When I finally got to Watsonville, where my mom lives, I let down. The anxiety of LA, the press of mid-life issues faded. I had time to myself. One of my rituals when I'm in California is to get alone, just me and a beach.
So my second morning at my mom's, I borrowed her old stick shift and drove to Manresa State Beach. I flipped on 1970s rock on the radio, rolled down the driver's side window, and drove like I used to when I was 16: down windy roads, steering easily, shifting confidently. It was unbelievably wonderful to drive like that. "Freebird" was playing and I laughed about it. Such an old standard that I usually would turn off. I didn't that day.
I switched stations as I swung into my parking space and Linkin Park sang: "And the shadow of the day, will embrace the world in grey... and the sun will set for you."
And because Linkin Park sang it, it was so: overcast and cold (which is just how I like the coastline sometimes when it fits my mood). I wore a brown sweater over a light blue turtleneck. I parked in the lot that overlooked the ocean. I strolled down the ramp to the wet sand below and stopped to watch the dozens of sand piper babies and their mothers scatter across the shore.
But I had come to the beach with a purpose so I set out to make it happen.
Several years ago, Claire, an online friend, gave me a pack of cigarettes as a joke sort of. Being one of the most drug resistant teens to ever have walked the face of the earth, cigarettes were never on my radar for experimentation. But midlife peer pressure exerted itself on me. Her gift became this taunt, this tease. Will you ever smoke me? the cigarettes nagged. And somehow, that invitation became a fantasy: I imagined myself smoking on the beach all alone some day in the future. Living in Ohio, that opportunity never came. And to be honest, I don't think I had the internal nerve to carry it out anyway.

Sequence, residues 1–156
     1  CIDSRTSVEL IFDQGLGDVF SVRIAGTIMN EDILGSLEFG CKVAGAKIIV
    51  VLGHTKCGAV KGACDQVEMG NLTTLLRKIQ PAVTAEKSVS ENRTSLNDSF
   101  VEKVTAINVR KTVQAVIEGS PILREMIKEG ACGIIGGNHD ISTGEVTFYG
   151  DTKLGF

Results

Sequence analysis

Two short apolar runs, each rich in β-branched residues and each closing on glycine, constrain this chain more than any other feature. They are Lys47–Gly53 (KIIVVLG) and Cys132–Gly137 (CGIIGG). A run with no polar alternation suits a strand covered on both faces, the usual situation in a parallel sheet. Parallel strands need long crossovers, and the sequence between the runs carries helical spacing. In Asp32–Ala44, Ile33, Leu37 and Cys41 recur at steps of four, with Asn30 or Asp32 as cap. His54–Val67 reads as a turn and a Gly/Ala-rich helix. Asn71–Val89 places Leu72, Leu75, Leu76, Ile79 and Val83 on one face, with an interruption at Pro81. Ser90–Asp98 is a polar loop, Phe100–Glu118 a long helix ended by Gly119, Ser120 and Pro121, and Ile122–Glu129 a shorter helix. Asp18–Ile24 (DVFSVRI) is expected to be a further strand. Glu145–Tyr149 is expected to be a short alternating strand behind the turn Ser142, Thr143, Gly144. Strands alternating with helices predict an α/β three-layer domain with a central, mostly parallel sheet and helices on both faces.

But as I packed my clothes for the trip, my hand accidentally knocked against the little red and brown pack in my underwear drawer. On a whim, I tossed it into my suitcase with a book of matches... just in case.
By the time I got to Watsonville, I knew I had to, wanted to smoke, even though I wasn't quite sure why.
I can hardly express how weird it is that I would want to smoke, to light up, to put a cigarette to my mouth. I've been such a non-smoker, don't like how it smells on clothes or people's breath, always want the non-smoking section in a restaurant, saw smoking as something rebels or weak people did, etc.
But this was different.
It felt like one of those Sue Monk Kidd moments. She's the one who wrote Dance of the Dissident Daughter and is all about feminist spirituality. She cobbled together a spirituality of touch stone events and rituals that are personally meaningful to her using items like seashells, statuettes of the goddess Nike, candles and driftwood. I haven't related to that at all as I'm such a pragmatist at heart (not contemplative).
But I swear - that day - smoking on the beach was my spiritual act—a claiming of me for me—a refusal to allow conventions and fear to dictate my life. I smoked so that I could stare down the pride of non-smoking and the anxiety that goes with smoking. I smoked because it seemed like it might feel good to do it. I smoked because no one would expect me to. I smoked so I could simply have the experience and write about it authentically. I smoked because, dammit, I wanted to.